Phil 'proud' to stay in mix without his best stuff

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TROON, Scotland – Phil Mickelson limited his post-round session with reporters to only six questions Saturday night.

There was too much work to be done before nightfall.  

Despite a few wayward swings, Mickelson made enough world-class par saves to shoot 70 and enter the final round of The Open just one shot behind Henrik Stenson.

“I was off today,” he said afterward. “I didn’t have my best stuff.”

Mickelson blamed his rhythm at the top of his swing and said he was “jumpy” on the outward nine, trying to take advantage of the easier, downwind holes at Royal Troon. A day after hitting driver only once, he used the big stick on 10 holes, oftentimes with little success (his eight fairways hit were his fewest this week).

Though Mickelson hit only 10 greens on another windy afternoon, he made just two bogeys, including a 3-foot miss on 14. He also made a poor swing on the par-3 17th, sending his tee shot wide left, and the two-shot swing there gave Stenson the 54-hole lead.

“Today could have been a day that got away from me,” Mickelson said, “but instead I shot under par and kept myself right in it heading into tomorrow’s final round, so I’m proud of that.”


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Most impressive was Mickelson’s save on the par-4 12th, after his tee shot with a 2-iron received a good kick off the gorse. Taking an awkward stance, Mickelson chopped down and advanced his ball well down the fairway. From there, he spun back his wedge to 10 feet and buried the putt for an all-time par to stay one clear of Stenson.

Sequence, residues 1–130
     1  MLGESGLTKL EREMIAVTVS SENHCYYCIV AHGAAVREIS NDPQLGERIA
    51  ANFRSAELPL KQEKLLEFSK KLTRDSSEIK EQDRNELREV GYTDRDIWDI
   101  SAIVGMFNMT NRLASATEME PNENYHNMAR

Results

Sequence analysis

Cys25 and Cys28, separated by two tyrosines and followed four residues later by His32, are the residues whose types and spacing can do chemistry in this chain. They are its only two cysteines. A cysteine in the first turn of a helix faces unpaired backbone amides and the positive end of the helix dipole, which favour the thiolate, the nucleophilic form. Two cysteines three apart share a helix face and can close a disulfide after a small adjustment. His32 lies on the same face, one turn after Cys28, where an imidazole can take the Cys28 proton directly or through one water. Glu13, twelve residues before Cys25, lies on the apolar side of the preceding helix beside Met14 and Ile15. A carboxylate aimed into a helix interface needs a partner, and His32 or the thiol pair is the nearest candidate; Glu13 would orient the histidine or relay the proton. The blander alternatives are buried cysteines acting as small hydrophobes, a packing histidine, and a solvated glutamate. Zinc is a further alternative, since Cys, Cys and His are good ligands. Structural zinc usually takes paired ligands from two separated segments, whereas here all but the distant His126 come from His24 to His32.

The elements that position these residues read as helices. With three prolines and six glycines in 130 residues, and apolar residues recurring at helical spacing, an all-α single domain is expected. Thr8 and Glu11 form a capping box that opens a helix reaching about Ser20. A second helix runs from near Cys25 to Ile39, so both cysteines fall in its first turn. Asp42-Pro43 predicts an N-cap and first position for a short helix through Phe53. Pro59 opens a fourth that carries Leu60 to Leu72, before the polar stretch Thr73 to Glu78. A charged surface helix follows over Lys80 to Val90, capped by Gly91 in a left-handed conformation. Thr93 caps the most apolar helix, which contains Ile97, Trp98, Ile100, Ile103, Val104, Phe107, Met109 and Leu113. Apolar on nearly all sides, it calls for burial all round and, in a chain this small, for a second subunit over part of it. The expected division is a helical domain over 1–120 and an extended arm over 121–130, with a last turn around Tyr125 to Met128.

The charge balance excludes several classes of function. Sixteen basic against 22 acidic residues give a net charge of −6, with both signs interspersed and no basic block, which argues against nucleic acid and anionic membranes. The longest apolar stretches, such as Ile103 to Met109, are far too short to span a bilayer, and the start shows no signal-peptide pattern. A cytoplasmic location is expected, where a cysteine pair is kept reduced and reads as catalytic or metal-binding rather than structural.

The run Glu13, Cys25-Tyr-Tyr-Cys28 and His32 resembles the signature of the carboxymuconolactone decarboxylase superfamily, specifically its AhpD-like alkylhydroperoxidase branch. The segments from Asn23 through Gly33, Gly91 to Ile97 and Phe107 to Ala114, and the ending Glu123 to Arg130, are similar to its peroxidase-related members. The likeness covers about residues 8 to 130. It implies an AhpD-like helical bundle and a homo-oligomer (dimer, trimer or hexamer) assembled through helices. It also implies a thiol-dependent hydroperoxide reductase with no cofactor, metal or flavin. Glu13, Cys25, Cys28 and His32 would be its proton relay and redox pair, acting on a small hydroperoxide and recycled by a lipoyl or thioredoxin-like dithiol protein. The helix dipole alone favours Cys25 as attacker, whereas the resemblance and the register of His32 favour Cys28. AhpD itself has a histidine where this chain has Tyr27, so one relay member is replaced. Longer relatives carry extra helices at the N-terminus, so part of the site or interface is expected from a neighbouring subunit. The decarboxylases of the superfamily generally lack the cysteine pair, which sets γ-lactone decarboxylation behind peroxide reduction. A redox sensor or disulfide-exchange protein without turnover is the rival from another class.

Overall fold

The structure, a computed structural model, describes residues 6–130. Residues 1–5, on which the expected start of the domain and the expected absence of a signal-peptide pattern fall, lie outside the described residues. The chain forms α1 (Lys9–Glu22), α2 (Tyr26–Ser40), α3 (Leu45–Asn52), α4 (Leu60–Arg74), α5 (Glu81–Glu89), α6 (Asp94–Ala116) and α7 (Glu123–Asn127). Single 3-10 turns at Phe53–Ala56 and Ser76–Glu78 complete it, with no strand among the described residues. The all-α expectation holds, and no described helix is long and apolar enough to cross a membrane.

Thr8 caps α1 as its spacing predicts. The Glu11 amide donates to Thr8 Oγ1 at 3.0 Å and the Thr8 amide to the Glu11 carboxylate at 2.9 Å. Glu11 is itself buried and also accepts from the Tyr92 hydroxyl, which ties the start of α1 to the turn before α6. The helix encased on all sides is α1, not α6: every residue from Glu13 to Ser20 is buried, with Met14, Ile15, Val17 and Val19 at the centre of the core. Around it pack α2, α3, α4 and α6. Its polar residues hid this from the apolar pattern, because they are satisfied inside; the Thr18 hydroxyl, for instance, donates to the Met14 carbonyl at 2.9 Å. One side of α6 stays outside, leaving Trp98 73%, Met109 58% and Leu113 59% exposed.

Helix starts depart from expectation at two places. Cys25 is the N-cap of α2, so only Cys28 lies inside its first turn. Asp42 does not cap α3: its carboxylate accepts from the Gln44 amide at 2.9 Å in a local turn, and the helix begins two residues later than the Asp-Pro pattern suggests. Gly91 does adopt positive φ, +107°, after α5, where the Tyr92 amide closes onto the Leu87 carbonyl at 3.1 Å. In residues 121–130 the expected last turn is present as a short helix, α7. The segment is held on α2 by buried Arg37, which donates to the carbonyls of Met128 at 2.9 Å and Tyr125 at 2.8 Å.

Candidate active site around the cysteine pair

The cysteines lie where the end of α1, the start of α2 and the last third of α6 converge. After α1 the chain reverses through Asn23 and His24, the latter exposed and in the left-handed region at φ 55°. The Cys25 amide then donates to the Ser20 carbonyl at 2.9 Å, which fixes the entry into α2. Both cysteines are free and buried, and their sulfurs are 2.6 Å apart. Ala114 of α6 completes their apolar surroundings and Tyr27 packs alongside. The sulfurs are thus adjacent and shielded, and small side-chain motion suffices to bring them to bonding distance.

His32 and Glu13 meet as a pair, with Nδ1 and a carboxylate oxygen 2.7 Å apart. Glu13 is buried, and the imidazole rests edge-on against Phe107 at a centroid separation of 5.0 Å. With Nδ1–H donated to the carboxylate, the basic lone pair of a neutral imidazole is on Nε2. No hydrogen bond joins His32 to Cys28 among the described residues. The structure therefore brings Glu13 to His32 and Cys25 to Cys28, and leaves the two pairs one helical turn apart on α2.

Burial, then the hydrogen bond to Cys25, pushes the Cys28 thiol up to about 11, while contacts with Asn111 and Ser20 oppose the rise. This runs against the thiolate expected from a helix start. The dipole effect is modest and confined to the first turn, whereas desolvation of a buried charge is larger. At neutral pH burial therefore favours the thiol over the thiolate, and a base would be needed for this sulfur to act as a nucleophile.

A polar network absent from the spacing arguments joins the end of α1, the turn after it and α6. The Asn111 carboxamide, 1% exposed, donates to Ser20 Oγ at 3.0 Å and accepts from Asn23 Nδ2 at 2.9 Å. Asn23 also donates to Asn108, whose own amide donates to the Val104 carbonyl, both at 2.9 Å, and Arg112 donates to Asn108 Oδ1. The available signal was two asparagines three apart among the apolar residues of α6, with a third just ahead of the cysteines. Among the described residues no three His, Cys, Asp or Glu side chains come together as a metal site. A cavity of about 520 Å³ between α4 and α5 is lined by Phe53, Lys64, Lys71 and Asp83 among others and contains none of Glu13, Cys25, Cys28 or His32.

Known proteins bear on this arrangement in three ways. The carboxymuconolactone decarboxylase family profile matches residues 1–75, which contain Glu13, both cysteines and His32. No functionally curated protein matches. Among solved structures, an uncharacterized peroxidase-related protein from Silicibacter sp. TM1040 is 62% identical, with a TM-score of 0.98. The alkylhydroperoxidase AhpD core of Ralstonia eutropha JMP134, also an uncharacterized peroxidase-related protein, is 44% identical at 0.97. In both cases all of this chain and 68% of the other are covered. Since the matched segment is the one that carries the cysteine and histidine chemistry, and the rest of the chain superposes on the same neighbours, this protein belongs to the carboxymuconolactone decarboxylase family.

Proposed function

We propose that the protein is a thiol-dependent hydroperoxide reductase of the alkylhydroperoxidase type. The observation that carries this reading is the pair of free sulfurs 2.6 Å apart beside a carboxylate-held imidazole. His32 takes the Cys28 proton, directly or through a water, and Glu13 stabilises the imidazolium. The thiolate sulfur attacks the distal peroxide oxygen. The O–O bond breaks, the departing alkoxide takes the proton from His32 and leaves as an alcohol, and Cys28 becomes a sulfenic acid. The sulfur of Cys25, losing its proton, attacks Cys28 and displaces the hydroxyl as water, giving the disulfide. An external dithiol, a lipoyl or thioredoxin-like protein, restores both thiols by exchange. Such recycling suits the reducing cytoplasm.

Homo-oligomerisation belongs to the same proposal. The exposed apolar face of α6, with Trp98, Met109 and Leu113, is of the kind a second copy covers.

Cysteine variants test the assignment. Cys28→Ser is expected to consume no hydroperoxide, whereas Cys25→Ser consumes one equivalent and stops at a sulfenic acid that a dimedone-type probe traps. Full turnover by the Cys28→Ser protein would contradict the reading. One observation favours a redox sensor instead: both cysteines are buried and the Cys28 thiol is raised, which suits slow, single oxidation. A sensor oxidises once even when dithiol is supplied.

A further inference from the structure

What Mickelson took away from his misadventure: Through the first two rounds, he had never put himself in such a predicament.

“I’ve been hitting this 2-iron extremely straight,” he said, “and hitting the fairway with it a very large percentage of the time, and then I hit an awful shot there. The swing was just off a little bit.”

But there’s still time to get back on track, which was why Mickelson said he was heading to the range with coach Andrew Getson.

“The game of golf, it just comes and goes,” he said. “The most important thing is to find a way to get the ball in the hole, and that’s what I did. I found a way to get the ball in the hole, make pars, and that’s all that I really care about. 

“Some days it’s easy and it looks pretty like the first couple. Some days it’s hard and it looks terrible, like it did today. But either way I shot three rounds under par.”